"The cloud that had for so many days surmounted Pelee seemed to topple over with a loud noise and tumble into the city. Behind the smoke came a sheet of flame. The cloud rolled down the mountain like a great torrent of black fog, accompanied by a continuous roar of half-blended staccato beats of varying intensity, something like the throbbing, pulsating roar of a Gatling-gun battery going into action."
The thick, black clouds blocked out the sun, and hot ash began to rain on the hillside. After ten minutes, the only light came from the burning city below. All around the family was a suffocating, hot darkness, until a strong wind began to blow it away, twenty minutes later. Clerc saw his sister's plantation destroyed, so he began to make his way toward the town. Clerc describes his horrible experience: "Tongue or pen can never describe what I saw. About me everywhere were my relatives and friends burning. I saw I could do no good...all were dead...not one alive. I hastened back and at the first opportunity sent my family to Guadeloupe."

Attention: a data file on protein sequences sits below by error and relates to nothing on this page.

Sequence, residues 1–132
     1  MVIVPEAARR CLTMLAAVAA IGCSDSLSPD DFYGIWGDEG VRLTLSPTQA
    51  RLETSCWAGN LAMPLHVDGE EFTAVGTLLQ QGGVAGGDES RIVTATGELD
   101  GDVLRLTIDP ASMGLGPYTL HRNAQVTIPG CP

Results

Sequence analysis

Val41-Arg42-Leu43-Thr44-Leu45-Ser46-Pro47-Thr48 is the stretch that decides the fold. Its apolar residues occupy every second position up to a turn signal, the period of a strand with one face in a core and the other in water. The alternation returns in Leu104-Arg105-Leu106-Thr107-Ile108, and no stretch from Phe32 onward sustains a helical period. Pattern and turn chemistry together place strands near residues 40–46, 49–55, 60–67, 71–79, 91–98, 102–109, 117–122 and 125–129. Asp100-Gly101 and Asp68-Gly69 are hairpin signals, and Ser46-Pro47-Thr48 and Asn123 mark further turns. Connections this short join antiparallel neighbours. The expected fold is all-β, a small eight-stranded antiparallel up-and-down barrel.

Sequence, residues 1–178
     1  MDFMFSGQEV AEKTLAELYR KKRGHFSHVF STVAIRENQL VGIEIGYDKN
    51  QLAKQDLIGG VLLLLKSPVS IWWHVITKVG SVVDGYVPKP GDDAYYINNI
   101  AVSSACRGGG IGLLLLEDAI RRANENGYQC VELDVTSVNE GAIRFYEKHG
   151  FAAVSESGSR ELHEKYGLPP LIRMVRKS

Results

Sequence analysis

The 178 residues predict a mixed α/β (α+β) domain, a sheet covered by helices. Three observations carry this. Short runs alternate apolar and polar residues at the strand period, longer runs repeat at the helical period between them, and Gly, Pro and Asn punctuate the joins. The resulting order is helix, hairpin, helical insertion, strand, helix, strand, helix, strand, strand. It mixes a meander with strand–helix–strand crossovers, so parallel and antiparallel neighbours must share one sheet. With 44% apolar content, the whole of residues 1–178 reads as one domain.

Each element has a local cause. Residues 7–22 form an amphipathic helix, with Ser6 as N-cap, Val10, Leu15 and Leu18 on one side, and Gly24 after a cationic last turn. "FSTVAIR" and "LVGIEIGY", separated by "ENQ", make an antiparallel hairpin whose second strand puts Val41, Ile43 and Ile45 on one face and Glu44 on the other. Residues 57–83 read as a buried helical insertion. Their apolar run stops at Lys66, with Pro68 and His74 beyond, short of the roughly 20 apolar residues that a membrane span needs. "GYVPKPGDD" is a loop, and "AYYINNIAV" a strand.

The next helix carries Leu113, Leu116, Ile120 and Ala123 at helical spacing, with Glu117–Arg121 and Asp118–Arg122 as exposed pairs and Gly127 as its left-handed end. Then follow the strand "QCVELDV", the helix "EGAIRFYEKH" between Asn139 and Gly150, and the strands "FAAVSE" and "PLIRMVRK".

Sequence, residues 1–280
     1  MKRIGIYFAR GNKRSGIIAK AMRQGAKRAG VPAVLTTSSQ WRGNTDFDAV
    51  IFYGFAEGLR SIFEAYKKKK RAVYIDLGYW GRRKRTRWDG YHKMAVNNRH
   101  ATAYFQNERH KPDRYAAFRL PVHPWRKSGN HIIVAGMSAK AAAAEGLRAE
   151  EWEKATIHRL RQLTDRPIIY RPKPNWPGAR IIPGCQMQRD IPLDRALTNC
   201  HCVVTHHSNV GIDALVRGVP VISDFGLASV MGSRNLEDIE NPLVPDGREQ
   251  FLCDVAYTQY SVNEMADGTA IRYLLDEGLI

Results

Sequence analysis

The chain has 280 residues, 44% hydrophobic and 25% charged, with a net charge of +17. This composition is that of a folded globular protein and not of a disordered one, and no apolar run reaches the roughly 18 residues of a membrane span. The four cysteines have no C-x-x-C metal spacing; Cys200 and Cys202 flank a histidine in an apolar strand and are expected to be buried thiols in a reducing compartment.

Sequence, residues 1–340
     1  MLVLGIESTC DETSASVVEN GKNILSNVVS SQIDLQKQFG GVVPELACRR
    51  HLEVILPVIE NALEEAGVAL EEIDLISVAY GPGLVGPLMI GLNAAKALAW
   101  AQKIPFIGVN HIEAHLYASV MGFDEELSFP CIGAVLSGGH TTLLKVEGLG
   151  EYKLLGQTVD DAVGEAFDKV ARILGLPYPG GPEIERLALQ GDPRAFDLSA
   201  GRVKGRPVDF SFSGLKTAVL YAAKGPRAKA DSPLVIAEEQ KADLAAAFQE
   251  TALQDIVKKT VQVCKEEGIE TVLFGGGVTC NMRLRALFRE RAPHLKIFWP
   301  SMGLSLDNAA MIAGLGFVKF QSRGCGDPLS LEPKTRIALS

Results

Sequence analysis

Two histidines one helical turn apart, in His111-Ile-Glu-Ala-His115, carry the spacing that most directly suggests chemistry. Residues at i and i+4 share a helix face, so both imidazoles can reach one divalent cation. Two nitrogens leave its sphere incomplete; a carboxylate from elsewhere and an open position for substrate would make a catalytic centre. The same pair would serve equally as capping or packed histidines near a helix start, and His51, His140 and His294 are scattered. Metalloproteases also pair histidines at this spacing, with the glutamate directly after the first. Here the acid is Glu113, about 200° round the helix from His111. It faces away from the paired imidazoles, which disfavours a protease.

One of the most incredible and most amazing stories, was that of a little girl, Harviva Da Ifrile. Harviva (age unknown) was on her way to church services at the St. Pierre cathedral, when her mother sent her to her aunt's pastry shop halfway up the mountain, to run an errand. The shop was located near near a crater called "Corkscrew", named after the tourist path that wound down inside the pit.
As Harviva walked up the mountain, she noticed smoke coming from the crater. She noticed a hot wind blowing as she ran to the Corkscrew, then she looked down the chasm: "There I saw the bottom of the pit all red, like boiling, with little blue flames coming from it." She witnessed three people running up the trail, two guides and a woman. "Then I saw a puff of blue smoke seem to hit the party and they fell as if killed."
Harviva watched in horror as the red liquid rose up and covered the bodies lying on the path. The little girl then ran as fast as she could, screaming, down the slope to St. Pierre.
"Just as I got to the main street I saw this boiling stuff burst from the top of the Corkscrew and run down the side of the hill. It followed the road first, but then as the stream got bigger, it ate up the houses on both sides of the road. Then I saw that a boiling red river was coming from another part of the hill and cutting off the escape of the people who were running from the houses."